SoftAdapt is a family of techniques for adaptive loss weighting of neural networks with multi-part loss functions and multi-tasking neural nets. This package was tested and deployed during my internship at the U.S. Air Force Research Laboratory (AFRL) and our novel algorithm SoftAdapt is currently under review. Please contact me directly for a request of the preprint of SoftAdapt.
Here is the abstract of our paper SoftAdapt: Techniques for Adaptive Loss Weighting of Neural Networks with Multi-Part Loss Functions
Adaptive loss function formulation is an active area of research and has gained a great deal of popularity in recent years, following the success of deep learning. However, existing frameworks of adaptive loss functions often suffer from slow convergence and poor choice of weights for the loss components. Traditionally, the elements of a multi-part loss function are weighted equally or their weights are determined through heuristic approaches that yield near-optimal (or sub-optimal) results. To address this problem, we propose a family of methods, called SoftAdapt, that dynamically change function weights for multi-part loss functions based on live performance statistics of the component losses. SoftAdapt is mathematically intuitive, computationally efficient and straightforward to implement. In this paper, we present the mathematical formulation and pseudocode for SoftAdapt, along with results from applying our methods to image reconstruction (Sparse Autoencoders) and synthetic data generation (Introspective Variational Autoencoders). Our implementation of SoftAdapt is available on the authors' GitHub.
Single Image Super Resolution
During my internship at the U.S. Air Force Research Laboratory, I also worked on Single Image Super-Resolution (SISR) using a novel and new method that takes advantage of Introspective Variational Autoencoders.
Here is the abstract of our paper SRVAE: Super-Resolution Using Variational Autoencoders (2020):
The emergence of Generative Adversarial Network (GAN)-based single-image super-resolution (SISR) has allowed for finer textures in the super-resolved images, thus making them seem realistic to humans. However, GAN-based models may depend on extensive high-quality data and are known to be very costly and unstable to train. On the other hand, Variational Autoencoders (VAEs) have inherent mathematical properties, and they are relatively cheap and stable to train; but VAEs produce blurry images that prevent them from being used for super-resolution. In this paper, we propose a first of its kind SISR method that takes advantage of a self-evaluating Variational Autoencoder (IntroVAE). Our network, called SRVAE, judges the quality of generated high-resolution (HR) images with the target images in an adversarial manner, which allows for high perceptual image generation. First, the encoder and the decoder of our introVAE-based method learn the manifold of HR images. In parallel, another encoder and decoder are simultaneously learning the reconstruction of the low-resolution (LR) images. Next, reconstructed LR images are fed to the encoder of the HR network to learn a mapping from LR images to corresponding HR versions. Using the encoder as a discriminator allows SRVAE to be a fast single-stream framework that performs super-resolution through generating photo-realistic images. Moreover, SRVAE has the same training stability and “nice” latent manifold structure as of VAEs, while playing a max-min adversarial game between the generator and the encoder like GANs. Our experiments show that our super-resolved images are comparable to the state-of-the-art GAN-based super-resolution.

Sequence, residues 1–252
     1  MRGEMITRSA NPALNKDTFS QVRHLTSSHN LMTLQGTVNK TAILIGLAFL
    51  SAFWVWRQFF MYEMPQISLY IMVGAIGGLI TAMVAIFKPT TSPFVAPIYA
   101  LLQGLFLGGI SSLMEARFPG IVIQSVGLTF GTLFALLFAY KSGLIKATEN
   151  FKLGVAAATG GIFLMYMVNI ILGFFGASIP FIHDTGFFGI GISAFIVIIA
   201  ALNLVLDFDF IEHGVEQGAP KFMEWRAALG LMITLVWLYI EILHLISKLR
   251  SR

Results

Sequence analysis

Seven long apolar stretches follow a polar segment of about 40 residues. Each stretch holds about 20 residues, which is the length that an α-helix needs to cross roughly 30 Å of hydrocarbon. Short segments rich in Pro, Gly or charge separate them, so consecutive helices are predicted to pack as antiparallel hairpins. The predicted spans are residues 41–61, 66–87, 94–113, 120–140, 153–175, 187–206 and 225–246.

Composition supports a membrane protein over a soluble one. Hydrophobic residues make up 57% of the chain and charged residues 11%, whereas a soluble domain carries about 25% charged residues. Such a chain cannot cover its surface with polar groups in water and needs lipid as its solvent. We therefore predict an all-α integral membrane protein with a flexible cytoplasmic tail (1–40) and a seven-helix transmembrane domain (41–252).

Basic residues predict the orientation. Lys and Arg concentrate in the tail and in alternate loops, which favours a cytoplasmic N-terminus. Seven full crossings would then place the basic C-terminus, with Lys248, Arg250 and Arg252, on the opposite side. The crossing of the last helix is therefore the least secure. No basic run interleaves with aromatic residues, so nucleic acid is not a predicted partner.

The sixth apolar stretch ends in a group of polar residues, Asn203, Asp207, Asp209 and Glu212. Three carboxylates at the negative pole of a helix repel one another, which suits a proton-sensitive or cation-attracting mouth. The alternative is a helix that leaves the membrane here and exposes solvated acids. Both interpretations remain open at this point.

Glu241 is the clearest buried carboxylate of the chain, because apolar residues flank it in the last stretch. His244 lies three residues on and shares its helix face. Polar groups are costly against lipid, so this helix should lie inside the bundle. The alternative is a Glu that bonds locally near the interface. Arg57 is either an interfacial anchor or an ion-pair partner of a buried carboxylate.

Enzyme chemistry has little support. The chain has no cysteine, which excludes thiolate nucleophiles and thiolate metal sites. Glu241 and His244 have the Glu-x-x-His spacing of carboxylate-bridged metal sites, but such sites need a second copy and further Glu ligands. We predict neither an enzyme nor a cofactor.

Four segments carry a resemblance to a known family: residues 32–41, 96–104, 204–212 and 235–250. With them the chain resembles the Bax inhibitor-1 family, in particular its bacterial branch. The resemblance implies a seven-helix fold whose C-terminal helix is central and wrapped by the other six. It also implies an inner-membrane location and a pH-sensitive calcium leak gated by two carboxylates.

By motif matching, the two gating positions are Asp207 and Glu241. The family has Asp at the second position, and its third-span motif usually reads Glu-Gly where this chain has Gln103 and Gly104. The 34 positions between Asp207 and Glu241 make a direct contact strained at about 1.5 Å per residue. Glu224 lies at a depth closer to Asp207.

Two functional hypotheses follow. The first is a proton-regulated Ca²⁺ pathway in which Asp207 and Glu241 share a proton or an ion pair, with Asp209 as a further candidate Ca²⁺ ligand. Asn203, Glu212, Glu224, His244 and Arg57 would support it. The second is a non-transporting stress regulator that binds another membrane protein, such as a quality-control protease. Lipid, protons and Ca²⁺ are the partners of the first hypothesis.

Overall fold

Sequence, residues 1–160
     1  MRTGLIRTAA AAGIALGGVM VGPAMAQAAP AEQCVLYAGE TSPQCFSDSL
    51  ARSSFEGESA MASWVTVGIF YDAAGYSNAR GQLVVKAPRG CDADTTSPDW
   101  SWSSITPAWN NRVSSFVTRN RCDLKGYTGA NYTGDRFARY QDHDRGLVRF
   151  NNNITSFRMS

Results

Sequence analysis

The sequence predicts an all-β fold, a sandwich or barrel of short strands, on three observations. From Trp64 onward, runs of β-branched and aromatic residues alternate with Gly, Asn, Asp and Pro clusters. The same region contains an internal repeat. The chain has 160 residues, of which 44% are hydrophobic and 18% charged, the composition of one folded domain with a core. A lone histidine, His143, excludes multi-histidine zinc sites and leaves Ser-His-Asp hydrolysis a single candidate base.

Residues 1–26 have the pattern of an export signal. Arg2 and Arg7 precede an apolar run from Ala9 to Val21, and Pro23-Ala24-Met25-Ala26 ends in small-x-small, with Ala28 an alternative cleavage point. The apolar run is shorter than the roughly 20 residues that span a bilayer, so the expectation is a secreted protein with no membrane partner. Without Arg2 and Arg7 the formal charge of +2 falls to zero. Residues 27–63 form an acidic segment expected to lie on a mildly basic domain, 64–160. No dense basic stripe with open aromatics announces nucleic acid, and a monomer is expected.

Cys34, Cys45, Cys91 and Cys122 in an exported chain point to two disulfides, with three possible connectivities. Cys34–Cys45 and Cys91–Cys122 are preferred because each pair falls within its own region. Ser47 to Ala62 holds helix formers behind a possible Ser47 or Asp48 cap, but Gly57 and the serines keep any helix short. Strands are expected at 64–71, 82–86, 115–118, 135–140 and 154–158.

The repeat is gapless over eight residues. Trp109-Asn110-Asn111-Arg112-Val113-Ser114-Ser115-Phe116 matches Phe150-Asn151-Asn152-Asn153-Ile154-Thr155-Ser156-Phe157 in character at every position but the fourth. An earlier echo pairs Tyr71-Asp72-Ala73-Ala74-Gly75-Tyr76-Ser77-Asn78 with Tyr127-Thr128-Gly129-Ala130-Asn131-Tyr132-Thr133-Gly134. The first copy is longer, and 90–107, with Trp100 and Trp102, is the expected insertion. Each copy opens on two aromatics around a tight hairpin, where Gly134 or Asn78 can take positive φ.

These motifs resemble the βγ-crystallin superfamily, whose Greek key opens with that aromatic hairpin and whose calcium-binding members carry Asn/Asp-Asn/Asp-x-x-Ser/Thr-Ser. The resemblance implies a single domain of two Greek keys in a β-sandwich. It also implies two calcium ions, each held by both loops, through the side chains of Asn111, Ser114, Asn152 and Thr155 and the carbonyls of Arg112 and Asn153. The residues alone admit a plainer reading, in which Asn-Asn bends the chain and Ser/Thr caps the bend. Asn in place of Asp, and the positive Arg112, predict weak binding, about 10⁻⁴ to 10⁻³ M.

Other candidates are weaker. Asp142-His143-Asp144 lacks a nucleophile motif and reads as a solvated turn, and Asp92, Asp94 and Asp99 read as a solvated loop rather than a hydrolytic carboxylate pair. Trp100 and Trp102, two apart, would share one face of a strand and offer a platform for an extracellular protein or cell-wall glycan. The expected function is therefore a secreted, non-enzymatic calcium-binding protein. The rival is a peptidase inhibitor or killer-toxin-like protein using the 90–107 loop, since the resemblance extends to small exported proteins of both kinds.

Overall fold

Predicting Breast Cancer Patients' Response
VAEs and GANs : The Mathematics
As a part of my National Science Foundation Research Traineeship (NRT) fellowship, I worked on developing machine learning models that would predict breast cancer patients' responsiveness to treatment with very limited data. On this project, I have been collaborating with an interdisciplinary team of graduate students and our advisors Dr. James Ben Brown (the University of Birmingham, UK + UC Berkeley + LBNL) and Dr. Petrus Zwart (LBNL). Although many machine learning models have aimed at predicting cancer, very few have researched using machine learning for cancer prognosis and even fewer have only used the patients' mutation profile only. Our aim is to build machine learning models that are not only highly accurate but also interpretable so that we could use the learned information in transfer learning to other cancer types. Despite our success, we are far from finished and our work still remains unpublished; but I have compiled an informal report of the preliminary result which is linked below. Please note that we are working on publishing this work and all of our code and results are still our intellectual property. Please feel free to contact me with any questions or concerns about our methods or results.
A tutorial-like summary of the mathematics and the theoretical aspects of Variational Autoencoders (VAEs) and Generative Adversarial Networks (GANs).
Useful Datasets and Containters
Below are some of the very well know computer vision datasets that may be hard to find for direct download. The links below are direct links to the compressed data. Please be sure to cite the original authors/organizations.
And below we have a reduced quality (low resolution) version of CelebA. The LR images were produced by me for our super-resolution framework SRVAE. The photos are in .png format with some white paddings.
CelebA (Low Resolution)
A simple PyTorch Container that supports GPU as well (CUDA).